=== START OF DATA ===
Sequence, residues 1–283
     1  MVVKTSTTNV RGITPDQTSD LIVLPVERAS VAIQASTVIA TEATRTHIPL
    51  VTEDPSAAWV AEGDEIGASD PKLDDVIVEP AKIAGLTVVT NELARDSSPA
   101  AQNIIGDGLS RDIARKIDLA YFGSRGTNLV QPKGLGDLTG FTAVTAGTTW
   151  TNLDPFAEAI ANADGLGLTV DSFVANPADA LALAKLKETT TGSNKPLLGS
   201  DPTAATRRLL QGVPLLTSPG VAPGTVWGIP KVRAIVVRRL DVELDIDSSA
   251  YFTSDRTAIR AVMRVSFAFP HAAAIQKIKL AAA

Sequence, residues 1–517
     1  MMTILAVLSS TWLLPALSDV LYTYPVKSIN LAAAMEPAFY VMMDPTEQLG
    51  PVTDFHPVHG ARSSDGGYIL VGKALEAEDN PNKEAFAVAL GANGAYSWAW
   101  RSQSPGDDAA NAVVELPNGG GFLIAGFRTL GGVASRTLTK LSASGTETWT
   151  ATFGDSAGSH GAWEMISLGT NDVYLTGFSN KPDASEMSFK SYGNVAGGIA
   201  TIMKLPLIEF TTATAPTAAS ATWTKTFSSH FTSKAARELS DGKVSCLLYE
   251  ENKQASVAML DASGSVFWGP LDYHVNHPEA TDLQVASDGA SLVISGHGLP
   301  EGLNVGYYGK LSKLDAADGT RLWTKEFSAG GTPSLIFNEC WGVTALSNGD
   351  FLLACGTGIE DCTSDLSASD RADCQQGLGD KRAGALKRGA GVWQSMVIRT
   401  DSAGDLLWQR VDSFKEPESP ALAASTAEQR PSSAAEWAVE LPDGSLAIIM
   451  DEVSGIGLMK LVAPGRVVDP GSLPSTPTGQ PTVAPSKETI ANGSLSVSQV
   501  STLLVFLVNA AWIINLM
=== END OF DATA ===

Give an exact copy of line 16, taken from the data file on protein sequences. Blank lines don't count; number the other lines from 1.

   351  FLLACGTGIE DCTSDLSASD RADCQQGLGD KRAGALKRGA GVWQSMVIRT